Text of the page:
What Should We Tell Our Guests About Our Wedding in the Time of the Coronavirus?

by Jennifer Cram - Brisbane Marriage Celebrant   © (19/03/2020)  |  Categories: | Wedding Ceremony | Wedding Planning
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two people reaching towards one another
                        with hands not touchingWith Government restrictions ramping up on a daily basis, concerns about flattening the curve, and worrying media reports about the effects of the Coronavirus (COVID-19) on weddings, you wouldn't be human if you weren't stressing about your wedding.

As you will know, I'm the world's biggest advocate for a Really Good Plan B (and C, and D, and E). It is all about preparing for (unexpected) changes in your plans. So, regardless of whether you are days, weeks, or months away from your special day, being proactive is much better than panicking!

Yes, while this virus and its global impact is new and unprecedented, what isn't new to the wedding industry is the practice of having good Plans B (i.e. contingency plans), in place.

So I am prepared for whatever changes will come, including if you decide to postpone your wedding, or bring it forward. You can read about what I've got in place here

Managing Your Guests


A big source of stress will be guests contacting you to find out whether the current situation has changed your plans. Be proactive. Contact them all (email, Facebook, whatever) to let them know that if and when your plans change, you will let them know.

Communicate Understanding


Everyone is nervous. Some of your guests might choose not to attend, even though they might have already sent an RSVP accepting your invitation. Let your guests know that you understand that they may choose to self-isolate and not come, and that you understand that and know that they still wish you well. But ask them to let you know if they choose to not to attend, so you can adjust numbers for catering, etc.

If You Need to Trim your Guest List


With government restrictions on the size of non-essential gatherings being implemented, and allowable numbers being progressively reduced, you may find yourself in the situation where your venue has to limit your numbers, leaving you the choice of postponing or reducing your numbers. If you choose to reduce your numbers, you will have to un-invite some people. So you need rational criteria that will not feel personal to anyone un-invited. The obvious ones are family only. But, uninviting children may do the trick also. Look at your guest list, make your decision, and communicate it personally to each person un-invited. It doesn't take that much longer to copy and paste (and personalise) an email, for example. I can't stress how important it is to communicate in a way that is personal rather than in a broadcast message.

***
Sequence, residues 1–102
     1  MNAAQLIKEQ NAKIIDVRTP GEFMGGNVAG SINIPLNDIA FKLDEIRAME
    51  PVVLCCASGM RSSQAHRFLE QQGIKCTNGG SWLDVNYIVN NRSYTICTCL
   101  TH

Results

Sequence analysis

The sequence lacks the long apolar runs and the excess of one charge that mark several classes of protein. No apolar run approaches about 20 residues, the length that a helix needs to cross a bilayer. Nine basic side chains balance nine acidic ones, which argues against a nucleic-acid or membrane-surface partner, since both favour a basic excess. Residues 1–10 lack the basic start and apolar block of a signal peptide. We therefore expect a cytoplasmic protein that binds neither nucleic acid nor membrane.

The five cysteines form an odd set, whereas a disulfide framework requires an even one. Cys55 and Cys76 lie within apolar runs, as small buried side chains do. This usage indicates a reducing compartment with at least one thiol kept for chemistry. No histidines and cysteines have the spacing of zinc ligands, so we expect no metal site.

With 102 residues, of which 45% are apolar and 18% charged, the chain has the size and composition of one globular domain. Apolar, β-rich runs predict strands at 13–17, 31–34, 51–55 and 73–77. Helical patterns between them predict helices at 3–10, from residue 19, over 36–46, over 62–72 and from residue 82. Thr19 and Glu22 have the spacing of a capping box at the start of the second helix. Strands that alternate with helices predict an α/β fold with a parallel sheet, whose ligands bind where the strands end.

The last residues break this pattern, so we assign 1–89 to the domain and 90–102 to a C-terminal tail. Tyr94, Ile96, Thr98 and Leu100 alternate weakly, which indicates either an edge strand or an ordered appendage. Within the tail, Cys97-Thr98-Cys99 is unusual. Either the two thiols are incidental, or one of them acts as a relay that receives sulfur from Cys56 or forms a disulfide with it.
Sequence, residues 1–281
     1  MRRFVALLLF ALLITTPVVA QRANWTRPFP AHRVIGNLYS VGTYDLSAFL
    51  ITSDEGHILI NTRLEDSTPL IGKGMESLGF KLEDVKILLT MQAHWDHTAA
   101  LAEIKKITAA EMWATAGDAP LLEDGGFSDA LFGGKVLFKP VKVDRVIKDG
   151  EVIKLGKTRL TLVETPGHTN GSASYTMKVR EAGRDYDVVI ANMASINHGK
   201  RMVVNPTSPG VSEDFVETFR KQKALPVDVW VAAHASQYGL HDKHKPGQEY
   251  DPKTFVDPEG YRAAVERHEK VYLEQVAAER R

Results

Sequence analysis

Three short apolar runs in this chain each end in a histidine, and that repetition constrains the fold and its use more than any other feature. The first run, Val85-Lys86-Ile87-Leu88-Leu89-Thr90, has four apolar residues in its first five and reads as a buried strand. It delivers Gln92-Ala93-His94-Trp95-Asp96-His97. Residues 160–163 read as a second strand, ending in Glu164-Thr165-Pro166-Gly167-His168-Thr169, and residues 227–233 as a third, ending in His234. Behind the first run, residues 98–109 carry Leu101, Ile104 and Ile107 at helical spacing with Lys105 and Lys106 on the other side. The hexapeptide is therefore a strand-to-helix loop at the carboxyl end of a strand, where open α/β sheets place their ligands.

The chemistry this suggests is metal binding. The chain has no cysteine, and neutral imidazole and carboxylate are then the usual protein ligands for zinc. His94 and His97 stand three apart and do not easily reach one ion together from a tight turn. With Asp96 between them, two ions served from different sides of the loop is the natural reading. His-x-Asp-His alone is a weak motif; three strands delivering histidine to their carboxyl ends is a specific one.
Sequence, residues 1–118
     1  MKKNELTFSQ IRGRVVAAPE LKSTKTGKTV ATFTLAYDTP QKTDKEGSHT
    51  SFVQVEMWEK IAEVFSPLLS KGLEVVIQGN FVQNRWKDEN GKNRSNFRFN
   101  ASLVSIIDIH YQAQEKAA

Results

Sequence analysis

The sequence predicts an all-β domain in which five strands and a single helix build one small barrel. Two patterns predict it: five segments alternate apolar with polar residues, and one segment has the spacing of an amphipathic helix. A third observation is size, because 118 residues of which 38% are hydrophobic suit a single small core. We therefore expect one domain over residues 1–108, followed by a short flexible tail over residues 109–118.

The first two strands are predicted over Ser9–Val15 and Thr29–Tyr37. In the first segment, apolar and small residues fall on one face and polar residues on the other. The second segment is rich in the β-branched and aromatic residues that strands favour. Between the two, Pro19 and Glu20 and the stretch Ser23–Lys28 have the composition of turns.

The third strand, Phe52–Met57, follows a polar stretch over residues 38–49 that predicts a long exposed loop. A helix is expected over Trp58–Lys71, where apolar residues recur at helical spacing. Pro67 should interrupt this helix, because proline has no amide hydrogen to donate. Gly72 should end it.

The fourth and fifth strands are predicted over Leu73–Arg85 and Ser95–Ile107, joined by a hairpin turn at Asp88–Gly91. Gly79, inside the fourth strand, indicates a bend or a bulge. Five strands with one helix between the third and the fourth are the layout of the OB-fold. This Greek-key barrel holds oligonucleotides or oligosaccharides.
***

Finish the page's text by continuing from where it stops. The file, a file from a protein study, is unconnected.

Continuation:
Give your guests a heads-up about social distancing measures


Both to help guests decide whether they will or will not attend, and to make sure that no-one is surprised on the day, detail your social distancing measures to your guests in advance of your big day
  • Ask them to celebrate with you and congratulate you with waves, hand on heart, the Auslan sign for Congratulations, and other "virtual hugs" rather than with body-contact hugs and kisses. And remind them that if they want to blow kisses, to mime it, making sure that they don't touch their mouths with their own hands!
  • Tell them what hand-washing/hand sanitising facilities you will have in place
  • Ask them to wash their hands before arrival and as often as possible during your wedding
  • Remind them that 20 secs of hand washing time is important. You can personalise this and add a bit of fun, by giving alternatives to Happy Birthday.  Check out how long it takes to sing a chorus or two of Going to the Chapel, All You Need is Love, or other relevant songs. Oh, don't forget, Baby Shark takes 20 seconds up to the middle of Daddy Shark. Choose one as your Wedding Hand Washing Theme Song, send the words (and make laminated copies in large print to stick up in the bathrooms on the day.

Work with your Celebrant, Wedding Planner, Photographer, DJ, etc


While the precise situation is new, the principles aren't. So we'll pull out all stops for you.

In particular, as your celebrant, I'll include reminders about social distancing in my housekeeping remarks to the guests before the ceremony start. And the way I do it will absolutely reflect the vibe you've planned for your day!

Should you adopt a No-Mention-on-the-Day Policy?


Apparently some are of the opinion that the best course of action is just not to mention the situation, the virus, or social distancing. I disagree. All that will do is turn it into the big Elephant in the Room, and put another stress on people if they inadvertently do mention it. Best to be up front, deal with it, and then carry on to have a happy day.

Oh, and Wash Your Hands (Seriously!)

Thanks for reading

Jenny xxx Let's talk soon about how you
                        can have the best ceremony ever

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